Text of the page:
But as my far more learned colleague Steve Carroll correctly points out, you cannot pick and choose which rules to apply.

The lesson? Don’t touch your opponent’s ball. Ever. Seriously, just leave it alone.

At the double

Is there a petition to have the Solheim and Ryder Cups in back-to-back weeks? Or, dare I say it, on the same week at the same venue?

Also, can we finally get a regular mixed event? How cool would that be?

Please don’t flood into the comments calling me “woke”. You know you’d watch that too.

It’s Cantlay’s year

Patrick Cantlay’s story is remarkable. He was the the No 1-ranked amateur golfer for 54 consecutive weeks – a record that still stands – and was the low-am at both the Masters and US Open. Then he turned pro and suffered a back injury while warming up on the range. That turned out to be a stress fracture and he only played nine times in the next three seasons.

During that time, he had to go through the unthinkable when his best friend and caddie, Chris Roth, was killed in a hit-and-run as the pair crossed the street in Los Angeles.

Eighteen months later, he opened his PGA Tour account at the Shriners Hospitals for Children Open.

He added the Memorial Tournament in 2019, but it’s this season that we’ve really started to see the Cantlay that, as an amateur, was held in higher regard than the likes of Justin Thomas and Jordan Spieth.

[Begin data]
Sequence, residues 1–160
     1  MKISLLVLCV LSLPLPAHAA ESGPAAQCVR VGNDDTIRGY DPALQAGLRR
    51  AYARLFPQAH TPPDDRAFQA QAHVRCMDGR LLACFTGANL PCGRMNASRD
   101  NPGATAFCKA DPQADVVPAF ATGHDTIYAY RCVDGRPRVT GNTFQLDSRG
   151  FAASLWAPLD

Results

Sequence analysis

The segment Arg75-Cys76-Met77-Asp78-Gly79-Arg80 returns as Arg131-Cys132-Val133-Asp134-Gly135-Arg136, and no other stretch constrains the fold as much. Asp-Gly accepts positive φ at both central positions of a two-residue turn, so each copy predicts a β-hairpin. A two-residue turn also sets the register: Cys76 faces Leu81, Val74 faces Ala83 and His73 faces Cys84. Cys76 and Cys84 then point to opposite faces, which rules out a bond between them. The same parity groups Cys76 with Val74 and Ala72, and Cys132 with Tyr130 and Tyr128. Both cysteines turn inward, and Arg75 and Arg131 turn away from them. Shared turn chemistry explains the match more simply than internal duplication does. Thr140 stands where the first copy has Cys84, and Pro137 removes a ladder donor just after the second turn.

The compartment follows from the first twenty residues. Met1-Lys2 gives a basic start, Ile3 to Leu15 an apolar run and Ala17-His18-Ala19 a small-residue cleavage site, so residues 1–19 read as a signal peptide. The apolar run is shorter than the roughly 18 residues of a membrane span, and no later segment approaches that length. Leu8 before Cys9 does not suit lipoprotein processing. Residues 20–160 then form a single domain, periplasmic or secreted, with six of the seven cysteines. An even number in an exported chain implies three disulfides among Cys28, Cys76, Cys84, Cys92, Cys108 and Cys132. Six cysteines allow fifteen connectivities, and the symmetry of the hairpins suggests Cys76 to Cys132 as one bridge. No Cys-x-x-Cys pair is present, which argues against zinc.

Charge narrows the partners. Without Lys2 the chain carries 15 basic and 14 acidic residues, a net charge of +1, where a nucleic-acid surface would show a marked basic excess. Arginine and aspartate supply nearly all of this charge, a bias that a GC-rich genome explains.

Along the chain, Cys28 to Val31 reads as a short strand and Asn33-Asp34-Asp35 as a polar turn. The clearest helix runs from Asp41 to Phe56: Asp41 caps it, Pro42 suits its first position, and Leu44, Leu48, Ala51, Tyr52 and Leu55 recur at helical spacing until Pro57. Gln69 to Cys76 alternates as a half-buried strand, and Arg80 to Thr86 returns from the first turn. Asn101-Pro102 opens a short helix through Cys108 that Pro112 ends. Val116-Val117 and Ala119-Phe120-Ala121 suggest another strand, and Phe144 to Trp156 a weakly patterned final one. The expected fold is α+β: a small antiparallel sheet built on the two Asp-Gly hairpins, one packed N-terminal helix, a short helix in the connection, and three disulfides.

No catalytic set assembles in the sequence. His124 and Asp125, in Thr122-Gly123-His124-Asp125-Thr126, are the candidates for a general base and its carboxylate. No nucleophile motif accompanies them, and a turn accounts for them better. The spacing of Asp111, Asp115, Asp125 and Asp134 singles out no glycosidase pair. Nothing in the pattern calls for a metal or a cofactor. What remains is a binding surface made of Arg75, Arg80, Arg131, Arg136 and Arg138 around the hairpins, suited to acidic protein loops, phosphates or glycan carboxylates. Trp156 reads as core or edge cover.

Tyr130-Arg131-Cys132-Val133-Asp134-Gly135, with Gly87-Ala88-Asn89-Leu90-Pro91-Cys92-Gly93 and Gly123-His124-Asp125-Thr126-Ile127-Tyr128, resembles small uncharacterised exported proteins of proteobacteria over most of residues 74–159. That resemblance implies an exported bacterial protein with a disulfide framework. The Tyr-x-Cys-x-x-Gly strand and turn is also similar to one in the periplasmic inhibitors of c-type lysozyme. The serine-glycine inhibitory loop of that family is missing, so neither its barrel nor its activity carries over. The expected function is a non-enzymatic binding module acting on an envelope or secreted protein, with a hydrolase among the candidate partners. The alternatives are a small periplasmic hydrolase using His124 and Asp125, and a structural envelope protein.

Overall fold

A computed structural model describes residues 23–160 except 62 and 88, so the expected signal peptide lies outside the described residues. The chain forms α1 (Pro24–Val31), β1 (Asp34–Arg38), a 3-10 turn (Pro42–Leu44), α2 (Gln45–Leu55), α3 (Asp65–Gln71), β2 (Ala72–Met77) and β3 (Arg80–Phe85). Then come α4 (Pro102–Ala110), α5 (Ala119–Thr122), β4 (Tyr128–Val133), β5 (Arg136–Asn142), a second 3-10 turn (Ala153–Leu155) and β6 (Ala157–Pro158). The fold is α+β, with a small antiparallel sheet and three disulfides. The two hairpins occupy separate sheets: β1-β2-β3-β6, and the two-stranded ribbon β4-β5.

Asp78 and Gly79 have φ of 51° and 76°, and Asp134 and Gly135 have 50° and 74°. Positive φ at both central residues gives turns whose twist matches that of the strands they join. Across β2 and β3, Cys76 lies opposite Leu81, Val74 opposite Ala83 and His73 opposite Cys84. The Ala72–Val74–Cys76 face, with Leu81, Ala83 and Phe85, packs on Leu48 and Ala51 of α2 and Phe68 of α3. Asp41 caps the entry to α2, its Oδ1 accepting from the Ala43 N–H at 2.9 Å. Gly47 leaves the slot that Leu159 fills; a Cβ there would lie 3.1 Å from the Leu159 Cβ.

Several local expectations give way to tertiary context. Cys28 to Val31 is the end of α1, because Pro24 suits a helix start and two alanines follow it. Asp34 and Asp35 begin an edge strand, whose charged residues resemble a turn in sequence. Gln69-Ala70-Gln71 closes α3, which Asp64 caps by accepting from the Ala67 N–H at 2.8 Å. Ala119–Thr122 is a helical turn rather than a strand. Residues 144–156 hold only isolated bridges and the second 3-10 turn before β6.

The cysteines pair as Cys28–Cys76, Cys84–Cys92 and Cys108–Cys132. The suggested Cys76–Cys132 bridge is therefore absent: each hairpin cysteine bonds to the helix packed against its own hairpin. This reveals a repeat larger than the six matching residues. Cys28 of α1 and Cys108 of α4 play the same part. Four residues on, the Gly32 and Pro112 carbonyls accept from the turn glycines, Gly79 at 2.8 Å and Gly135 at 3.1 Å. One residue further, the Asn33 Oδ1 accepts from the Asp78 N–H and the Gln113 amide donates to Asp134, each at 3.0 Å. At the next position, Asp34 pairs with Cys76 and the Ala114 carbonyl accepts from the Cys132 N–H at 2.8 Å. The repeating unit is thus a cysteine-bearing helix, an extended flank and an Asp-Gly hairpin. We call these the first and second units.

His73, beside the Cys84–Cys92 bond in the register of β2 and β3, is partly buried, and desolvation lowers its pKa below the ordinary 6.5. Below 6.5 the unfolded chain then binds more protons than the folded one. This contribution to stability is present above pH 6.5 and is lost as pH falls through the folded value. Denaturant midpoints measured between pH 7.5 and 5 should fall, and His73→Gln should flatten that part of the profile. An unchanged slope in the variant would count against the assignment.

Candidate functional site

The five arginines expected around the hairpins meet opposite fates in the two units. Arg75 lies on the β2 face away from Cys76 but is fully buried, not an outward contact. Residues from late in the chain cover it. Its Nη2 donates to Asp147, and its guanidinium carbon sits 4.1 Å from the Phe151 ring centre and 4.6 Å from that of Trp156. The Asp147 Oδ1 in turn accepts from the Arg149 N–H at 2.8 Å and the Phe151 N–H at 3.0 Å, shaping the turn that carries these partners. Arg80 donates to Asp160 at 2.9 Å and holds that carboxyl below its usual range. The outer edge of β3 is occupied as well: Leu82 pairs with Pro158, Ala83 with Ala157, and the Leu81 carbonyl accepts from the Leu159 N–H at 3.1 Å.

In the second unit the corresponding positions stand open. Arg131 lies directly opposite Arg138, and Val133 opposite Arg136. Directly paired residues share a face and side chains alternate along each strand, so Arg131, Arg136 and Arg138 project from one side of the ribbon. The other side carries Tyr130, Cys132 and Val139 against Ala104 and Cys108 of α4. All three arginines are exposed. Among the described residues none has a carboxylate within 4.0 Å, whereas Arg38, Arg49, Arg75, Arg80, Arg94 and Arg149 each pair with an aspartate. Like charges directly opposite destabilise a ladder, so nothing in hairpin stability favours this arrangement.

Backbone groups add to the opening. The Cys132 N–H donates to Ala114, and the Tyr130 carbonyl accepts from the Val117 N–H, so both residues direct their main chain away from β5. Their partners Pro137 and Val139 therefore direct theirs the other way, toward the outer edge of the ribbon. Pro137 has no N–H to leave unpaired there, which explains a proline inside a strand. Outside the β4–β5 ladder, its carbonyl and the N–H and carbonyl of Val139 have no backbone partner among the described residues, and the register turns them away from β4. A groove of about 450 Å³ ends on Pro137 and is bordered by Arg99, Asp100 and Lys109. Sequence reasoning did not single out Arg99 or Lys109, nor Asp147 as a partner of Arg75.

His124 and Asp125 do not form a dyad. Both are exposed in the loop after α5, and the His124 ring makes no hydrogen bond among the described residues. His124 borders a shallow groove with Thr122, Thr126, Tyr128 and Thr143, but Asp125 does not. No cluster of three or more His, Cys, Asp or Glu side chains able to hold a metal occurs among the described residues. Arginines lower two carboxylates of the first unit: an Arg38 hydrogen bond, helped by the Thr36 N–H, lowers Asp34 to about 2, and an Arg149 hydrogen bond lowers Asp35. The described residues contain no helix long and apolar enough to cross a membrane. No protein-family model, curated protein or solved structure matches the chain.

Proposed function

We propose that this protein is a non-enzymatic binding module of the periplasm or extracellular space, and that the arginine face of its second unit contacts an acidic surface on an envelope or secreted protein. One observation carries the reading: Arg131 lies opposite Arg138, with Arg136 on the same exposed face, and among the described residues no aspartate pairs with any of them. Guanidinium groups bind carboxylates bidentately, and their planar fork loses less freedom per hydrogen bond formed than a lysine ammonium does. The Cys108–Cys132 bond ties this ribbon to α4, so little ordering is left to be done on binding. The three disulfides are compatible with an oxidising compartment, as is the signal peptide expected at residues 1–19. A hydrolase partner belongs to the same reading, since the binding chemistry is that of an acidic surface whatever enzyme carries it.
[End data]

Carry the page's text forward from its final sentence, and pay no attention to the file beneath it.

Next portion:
Cantlay started his year with a win at the Zozo Championship, before adding another Memorial title in June. He beat Bryson DeChambeau last week in a pulsating BMW Championship play-off, and now he’s the FedEx Cup champion after holding off Jon Rahm in the season finale at East Lake.

It couldn’t have happened to a nicer guy.

Format farce

Cantlay had started the week saying he doesn’t like the FedEx Cup finale format, in which players are handicapped from the beginning depending on their position in the standings.

The Californian said it was ludicrous that the player who shoots the lowest score in the tournament doesn’t lift the trophy. (And in this writer’s opinion, he’s absolutely right. The European Tour have proven you can quite successfully have a single tournament winner as well as a season-long champion.)

As it was, Rahm and Kevin Na shot the lowest scores – each carding a 14-under-par 266 – but Cantlay’s 11-under 269 as well as the 10-under handicap was enough to win the huge jackpot.

At least Cantlay now has 15 million reasons to change his mind about the format…


Nothing like a bit of sibling jealousy to get you fired up.

Nicolai Hojgaard has watched twin brother Rasmus win three times already on the European Tour, so he had to get a slice of the action, lifting the Italian Open with a one-shot victory over Tommy Fleetwood and Adrian Meronk.

And how’s this for a stat?

Makes you feel old, doesn’t it?

Get them on the plane, Padraig!

Right, that’s enough from me. Remember if you don’t have Sky you can watch what promises to be an incredible final day of the Solheim Cup absolutely free. You don’t want to miss that.

Have a great week, whatever you’re up to.

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Alex Perry


Alex has been the editor of National Club Golfer since 2017. A Devonian who enjoys wittering on about his south west roots, Alex moved north to join NCG after more than a decade in London, the last five of which were with ESPN. Away from golf, Alex follows Torquay United and spends too much time playing his PlayStation or his guitar and not enough time practising his short game.

Handicap: 14